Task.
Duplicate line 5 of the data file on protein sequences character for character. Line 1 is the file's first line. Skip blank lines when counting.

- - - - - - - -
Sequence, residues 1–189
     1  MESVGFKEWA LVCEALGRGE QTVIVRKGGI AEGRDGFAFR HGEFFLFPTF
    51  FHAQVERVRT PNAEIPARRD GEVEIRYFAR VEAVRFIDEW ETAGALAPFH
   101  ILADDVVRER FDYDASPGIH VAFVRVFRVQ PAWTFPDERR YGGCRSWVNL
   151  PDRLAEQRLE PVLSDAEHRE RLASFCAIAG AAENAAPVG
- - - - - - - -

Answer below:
   151  PDRLAEQRLE PVLSDAEHRE RLASFCAIAG AAENAAPVG